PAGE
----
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Non-Profit, Local Officials Talk Teen Dating Abuse Prevention

Members from Hope's Door spoke at White Plains High School

CarlLa Horton was walking a few years ago when she noticed a man brandish a knife and approach another woman in an alley.

Horton made herself visible and the man fled into a car and drove off. Horton took down his license plate number, called the police and the description of the man, the size of knife and color of the blade’s handle all matched the description of a man who had committed 16 prior rapes.

“In my opinion, that’s at least 16 people’s lives this man destroyed,” Horton said. “Who knows how many other people had an opportunity to step in and say something that could’ve stopped him earlier.”

Stopping abusive relationships in any capacity has become a passion of sorts for Horton, who is the executive director for Hope’s Door, a non-profit shelter and counseling center working to end domestic violence through education and prevention methods. On Thursday, Horton was at White Plains High School, along with Westchester County Supervisor Rob Astorino, White Plains Mayor Tom Roach, other workers from Hope’s Door and a few students to acknowledge Teen Dating Abuse Prevention Month.

“It is never acceptable, ever, for an abusive relationship, and girls need to know that, especially when I saw the statistic that one out of every five teenage girls will be in abusive relationship,” Astorino said. “That’s astronomical, as far as I’m concerned. That is so unacceptable.”

Horton said that when Hope’s Door started in 1999, a study by Harvard University put the national average at one in five girls will be in a abusive relationship before graduating high school, from which one in four victims won’t tell anyone what happened to them, while one in four will tell a parent. Horton added that 66 percent of victims tell a friend.

“You read those numbers and you think that is in another part of the country,” Horton said. “You don’t think kids growing up in Westchester have those problems, but when we started looking everything up, Westchester fell right in line with the national averages.”

Horton added that since the organization has started, the numbers are turning around a bit. She said now about 41 percent of victims tell a parent, 84 percent tell a friend and 16 percent don’t tell anyone.

Part of that is thanks to the Students Terminating Abusive Relationships (STAR) Program, which gives students a peer to talk about about various issues, takes students and uses them as mentors to their peers on issues relating to abusive relationships and to promote respect in dating relationships. There are 11 STAR chapters in Westchester: Alexander Hamilton High School, Alexander Hamilton Middle School, Hendrick Hudson High School, Maria Regina High School, Rye High School, Westlake High School, White Plains High School, Children’s Village, Ossining High School, Yorktown High School and one in Pleasantville, which is at Hope’s Door officers for students at schools without a chapter.

“Programs such as these, that educate young people help in many ways,” Roach said. “Even if you don’t get to every single young person, you may get to one of the friends, so that when they’re talking about the issue, that friend says, ‘Hey, hold everything. Here’s what you need to do.’ I think that that’s essential.”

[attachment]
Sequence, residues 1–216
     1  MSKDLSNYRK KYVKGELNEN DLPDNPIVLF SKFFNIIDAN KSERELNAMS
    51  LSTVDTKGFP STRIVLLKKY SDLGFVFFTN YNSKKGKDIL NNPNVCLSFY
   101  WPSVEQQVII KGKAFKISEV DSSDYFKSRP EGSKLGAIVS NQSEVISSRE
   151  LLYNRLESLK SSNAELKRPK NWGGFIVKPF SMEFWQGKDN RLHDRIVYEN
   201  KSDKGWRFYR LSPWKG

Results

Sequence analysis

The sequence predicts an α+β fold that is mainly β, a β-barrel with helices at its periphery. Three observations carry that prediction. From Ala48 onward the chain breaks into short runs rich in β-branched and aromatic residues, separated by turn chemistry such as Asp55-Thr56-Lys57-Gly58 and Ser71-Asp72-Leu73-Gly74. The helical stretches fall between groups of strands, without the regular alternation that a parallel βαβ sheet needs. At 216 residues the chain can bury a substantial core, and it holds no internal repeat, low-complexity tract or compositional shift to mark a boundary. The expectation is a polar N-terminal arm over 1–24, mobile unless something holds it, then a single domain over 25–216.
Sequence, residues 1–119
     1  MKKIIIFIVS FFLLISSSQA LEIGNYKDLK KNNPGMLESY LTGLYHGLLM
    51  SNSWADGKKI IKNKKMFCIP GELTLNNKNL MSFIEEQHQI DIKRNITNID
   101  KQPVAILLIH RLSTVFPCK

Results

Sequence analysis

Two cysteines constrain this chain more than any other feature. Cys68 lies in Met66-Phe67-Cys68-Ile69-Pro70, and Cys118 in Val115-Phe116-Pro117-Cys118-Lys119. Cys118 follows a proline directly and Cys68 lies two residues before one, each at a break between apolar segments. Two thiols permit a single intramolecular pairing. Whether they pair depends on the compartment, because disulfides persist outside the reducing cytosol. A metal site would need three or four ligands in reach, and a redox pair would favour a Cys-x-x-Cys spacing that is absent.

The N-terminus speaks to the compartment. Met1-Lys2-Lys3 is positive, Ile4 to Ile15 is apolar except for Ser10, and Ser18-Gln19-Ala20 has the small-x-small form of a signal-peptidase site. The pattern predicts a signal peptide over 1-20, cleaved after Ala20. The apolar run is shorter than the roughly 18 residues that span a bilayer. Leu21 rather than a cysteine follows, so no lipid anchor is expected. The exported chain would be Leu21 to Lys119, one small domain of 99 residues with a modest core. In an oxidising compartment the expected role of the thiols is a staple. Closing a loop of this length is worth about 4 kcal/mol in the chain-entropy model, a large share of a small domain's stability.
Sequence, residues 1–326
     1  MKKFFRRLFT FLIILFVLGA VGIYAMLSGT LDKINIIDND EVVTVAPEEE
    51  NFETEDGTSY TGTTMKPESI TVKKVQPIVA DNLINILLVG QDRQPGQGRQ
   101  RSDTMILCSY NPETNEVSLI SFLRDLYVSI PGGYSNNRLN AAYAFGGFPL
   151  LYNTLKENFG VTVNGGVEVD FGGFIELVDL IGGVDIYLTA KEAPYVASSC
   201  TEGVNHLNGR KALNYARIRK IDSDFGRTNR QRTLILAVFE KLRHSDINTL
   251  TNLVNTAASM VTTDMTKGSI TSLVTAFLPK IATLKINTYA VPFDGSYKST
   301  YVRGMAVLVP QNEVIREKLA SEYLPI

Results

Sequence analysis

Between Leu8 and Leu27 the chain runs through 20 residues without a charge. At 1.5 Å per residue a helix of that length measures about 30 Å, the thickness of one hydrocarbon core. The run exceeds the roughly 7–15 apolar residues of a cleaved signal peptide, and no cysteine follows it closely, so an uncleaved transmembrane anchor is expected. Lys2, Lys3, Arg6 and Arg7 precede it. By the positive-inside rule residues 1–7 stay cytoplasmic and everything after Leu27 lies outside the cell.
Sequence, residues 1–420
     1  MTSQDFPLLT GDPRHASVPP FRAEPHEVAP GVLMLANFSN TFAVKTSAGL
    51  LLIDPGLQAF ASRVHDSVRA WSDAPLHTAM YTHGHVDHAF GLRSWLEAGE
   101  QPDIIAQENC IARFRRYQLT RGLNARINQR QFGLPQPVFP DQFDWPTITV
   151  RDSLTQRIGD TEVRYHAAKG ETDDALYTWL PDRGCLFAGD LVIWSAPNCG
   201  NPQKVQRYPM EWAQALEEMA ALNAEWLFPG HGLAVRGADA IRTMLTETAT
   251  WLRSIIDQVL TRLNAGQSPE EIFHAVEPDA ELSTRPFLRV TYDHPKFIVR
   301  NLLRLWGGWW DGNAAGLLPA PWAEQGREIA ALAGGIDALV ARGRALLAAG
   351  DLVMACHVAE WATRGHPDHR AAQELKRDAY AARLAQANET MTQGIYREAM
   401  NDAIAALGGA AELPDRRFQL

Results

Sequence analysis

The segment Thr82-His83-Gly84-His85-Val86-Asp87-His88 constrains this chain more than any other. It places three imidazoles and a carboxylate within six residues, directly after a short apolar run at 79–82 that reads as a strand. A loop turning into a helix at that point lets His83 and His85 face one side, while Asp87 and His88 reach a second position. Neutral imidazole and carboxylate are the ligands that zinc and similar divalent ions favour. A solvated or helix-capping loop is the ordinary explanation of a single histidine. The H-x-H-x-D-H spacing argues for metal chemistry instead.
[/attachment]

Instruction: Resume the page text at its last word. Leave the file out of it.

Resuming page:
Astorino echoed those sentiments and said education needs to start early in children. He said while his children — an 9-year-old son and 8- and 3-year-old daughters — aren’t close to dating age, but even children that young should start learning.

“The education starts now,” he said. “The respect for each other starts now. What’s appropriate and inappropriate starts now at these ages, so by the time they get into high school and they are starting to date and they are starting to deal with relationship, they know the difference between right and wrong.”

Horton said Hope’s Door has three kinds of programs for students, including the STAR Program. The other two are classroom workshops and a once a year teen symposium.

The organization has grown quite a bit, as well. Dianne DeFilippis, assistant director for community services with Hope’s Door, said that in 1999 they worked with about 250 students and last year they worked with more than 10,130.

In addition to speaking out and education, Horton said parents can help prevent abusive relationships.

“If you are raising your children, the best thing you can do is model a relationship of respect for each other to your young children,” she said.

Horton said that one major issue with younger people in abusive relationships is realizing they’re in an abusive relationship. Some abusive traits many don’t realize are abusive, Horton said, including isolating the person from his or her family, checking in constantly, requiring permission to do simple things, ridiculous jealousy and others.

“It’s about power and control,” Horton said. “Some people just think, ‘Oh, he really loves me because he always wants to know where I am or doesn’t want anyone else to see me.’ It’s the kind of thing that can be confusing for grownups, so imagine how a young person must feel.”

Horton added if someone truly loves another person, they shouldn’t try to control or hold back that person.

“Love shouldn’t hurt,” she said. “Love should set you free to become the person you want to be.”

Anyone having any issues is asked to call the Hope’s Door hotline, which can reached at (888) 438-8700.

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